EFL Learners’ Metacognitive Strategy Use in Academic Listening Tasks

Zeynab Esmaeili, Saeed Taki, Yasaman Rahimian


This study sought to investigate metacognitive listening strategies as used by Iranian EFL university students as well as the relationship between using such strategies and listening comprehension. To this end, 36 EFL university students were selected from existing classes according to their performance on the listening section of the TOEFL. Two instruments were employed in the study: Metacognitive Awareness Listening Questionnaire (MALQ) (Vandergrift, et al., 2006) and the listening section of a retired TOEFL. Descriptive statistics and Spearman’s correlation coefficient were used to determine how metacognitive strategies were used and whether there was a significant correlation between the participants’ listening comprehension scores and their metacognitive listening strategy use. Results revealed that ‘problem-solving strategies’ were most frequently used and ‘mental translation strategies’, least frequently. It was also found that there was a statistically significant positive correlation between students’ awareness of metacognitive listing strategies and their listening comprehension. Findings imply that strategy training need to be an integral part of language teaching programs.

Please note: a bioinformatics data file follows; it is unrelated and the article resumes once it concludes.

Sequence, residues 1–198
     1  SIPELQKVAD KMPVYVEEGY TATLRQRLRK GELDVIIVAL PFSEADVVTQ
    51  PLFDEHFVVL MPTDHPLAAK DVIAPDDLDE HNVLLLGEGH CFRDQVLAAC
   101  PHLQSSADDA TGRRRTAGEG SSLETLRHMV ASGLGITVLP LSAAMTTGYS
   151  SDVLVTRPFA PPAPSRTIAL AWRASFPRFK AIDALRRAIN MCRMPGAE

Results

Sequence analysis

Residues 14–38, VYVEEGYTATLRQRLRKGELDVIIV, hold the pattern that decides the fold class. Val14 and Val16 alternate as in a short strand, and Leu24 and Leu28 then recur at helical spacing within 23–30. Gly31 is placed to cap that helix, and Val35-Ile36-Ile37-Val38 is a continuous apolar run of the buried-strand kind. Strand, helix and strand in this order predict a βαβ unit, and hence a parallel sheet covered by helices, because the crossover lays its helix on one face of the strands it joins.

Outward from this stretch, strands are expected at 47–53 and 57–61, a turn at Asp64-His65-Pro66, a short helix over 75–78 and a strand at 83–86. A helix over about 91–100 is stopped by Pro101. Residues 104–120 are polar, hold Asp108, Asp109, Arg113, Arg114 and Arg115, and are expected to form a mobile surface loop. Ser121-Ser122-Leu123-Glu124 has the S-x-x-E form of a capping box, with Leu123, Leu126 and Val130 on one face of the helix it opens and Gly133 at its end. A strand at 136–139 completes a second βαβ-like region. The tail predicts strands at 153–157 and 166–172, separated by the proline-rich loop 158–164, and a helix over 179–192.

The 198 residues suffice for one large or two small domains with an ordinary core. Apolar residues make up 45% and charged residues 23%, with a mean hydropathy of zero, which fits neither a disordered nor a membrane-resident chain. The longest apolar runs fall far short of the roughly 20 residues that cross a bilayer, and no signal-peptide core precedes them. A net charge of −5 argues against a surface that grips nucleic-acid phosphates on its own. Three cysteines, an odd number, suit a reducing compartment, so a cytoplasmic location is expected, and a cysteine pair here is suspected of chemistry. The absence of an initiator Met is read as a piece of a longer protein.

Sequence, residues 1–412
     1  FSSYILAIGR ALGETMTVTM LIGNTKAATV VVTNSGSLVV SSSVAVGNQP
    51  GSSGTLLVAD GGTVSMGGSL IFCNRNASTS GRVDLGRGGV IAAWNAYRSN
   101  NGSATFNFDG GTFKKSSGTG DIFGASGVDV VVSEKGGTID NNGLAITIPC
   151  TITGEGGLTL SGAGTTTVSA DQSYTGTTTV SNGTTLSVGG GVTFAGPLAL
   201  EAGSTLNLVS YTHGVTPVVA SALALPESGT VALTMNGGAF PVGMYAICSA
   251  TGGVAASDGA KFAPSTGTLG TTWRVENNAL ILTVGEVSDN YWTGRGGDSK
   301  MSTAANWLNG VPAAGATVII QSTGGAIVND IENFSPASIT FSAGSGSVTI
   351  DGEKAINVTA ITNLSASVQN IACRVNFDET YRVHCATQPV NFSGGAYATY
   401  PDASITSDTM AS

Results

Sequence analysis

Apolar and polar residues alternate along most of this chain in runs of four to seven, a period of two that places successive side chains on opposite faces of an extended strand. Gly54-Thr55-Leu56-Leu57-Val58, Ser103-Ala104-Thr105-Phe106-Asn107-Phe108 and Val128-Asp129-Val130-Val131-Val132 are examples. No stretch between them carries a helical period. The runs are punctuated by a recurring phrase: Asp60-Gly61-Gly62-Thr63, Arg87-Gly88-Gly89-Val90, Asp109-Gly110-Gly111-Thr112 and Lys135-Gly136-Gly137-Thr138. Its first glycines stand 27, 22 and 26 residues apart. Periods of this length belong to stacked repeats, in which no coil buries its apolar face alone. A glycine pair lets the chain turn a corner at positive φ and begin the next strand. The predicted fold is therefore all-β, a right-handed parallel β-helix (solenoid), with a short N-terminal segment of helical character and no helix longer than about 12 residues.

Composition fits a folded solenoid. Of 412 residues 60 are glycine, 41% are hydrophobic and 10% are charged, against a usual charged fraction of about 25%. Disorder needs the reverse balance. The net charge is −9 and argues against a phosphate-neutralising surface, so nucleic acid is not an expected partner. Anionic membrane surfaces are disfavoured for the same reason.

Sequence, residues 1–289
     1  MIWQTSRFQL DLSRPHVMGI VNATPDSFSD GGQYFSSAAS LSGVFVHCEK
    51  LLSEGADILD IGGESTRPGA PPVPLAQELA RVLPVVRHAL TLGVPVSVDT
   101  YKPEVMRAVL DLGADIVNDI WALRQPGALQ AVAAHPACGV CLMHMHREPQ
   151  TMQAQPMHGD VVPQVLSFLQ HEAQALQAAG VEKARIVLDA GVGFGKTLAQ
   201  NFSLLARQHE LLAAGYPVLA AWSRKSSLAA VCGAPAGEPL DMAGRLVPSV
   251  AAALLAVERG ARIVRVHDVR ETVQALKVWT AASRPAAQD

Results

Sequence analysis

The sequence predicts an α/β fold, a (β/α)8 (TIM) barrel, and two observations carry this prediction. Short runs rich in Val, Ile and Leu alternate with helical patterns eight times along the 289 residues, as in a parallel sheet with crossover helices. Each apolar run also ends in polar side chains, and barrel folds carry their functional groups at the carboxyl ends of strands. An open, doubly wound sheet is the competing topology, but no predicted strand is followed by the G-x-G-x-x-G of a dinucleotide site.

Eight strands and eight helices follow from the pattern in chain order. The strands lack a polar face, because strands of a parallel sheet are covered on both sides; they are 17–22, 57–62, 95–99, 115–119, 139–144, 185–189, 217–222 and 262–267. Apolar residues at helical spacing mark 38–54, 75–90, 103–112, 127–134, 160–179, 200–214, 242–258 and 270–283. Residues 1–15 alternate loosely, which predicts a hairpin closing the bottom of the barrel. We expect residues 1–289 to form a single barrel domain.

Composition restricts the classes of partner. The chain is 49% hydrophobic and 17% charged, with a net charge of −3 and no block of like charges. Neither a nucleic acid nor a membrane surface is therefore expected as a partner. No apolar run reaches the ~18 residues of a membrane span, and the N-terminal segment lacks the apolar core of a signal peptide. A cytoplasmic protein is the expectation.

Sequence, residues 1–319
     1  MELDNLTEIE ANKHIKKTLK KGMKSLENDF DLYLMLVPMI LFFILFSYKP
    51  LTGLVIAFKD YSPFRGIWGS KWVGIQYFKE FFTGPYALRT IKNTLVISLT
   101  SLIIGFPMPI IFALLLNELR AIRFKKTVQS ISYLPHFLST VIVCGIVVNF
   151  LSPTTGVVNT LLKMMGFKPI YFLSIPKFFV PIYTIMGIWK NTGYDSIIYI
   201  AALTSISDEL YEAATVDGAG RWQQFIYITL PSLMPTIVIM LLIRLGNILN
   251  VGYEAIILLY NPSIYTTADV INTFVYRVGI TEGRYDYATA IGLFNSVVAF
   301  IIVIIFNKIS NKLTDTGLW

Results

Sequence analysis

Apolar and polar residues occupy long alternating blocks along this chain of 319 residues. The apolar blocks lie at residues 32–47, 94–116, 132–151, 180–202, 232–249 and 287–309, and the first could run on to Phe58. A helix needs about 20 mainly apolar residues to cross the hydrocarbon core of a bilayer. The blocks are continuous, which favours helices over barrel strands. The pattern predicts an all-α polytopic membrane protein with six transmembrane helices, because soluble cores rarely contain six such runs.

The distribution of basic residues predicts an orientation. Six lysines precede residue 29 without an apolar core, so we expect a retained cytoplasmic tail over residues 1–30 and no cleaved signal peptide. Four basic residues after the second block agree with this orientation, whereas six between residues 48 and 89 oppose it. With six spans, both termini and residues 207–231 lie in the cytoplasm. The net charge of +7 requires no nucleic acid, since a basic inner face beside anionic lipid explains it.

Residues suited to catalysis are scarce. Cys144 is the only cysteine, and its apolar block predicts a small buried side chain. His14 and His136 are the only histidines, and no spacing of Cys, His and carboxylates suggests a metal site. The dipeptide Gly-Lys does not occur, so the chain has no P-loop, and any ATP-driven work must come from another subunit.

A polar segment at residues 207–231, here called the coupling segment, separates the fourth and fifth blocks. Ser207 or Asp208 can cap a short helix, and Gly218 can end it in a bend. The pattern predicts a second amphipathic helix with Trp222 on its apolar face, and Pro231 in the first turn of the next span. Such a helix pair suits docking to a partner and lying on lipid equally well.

metacognitive strategies, EFL learners, listening comprehension, listening strategies

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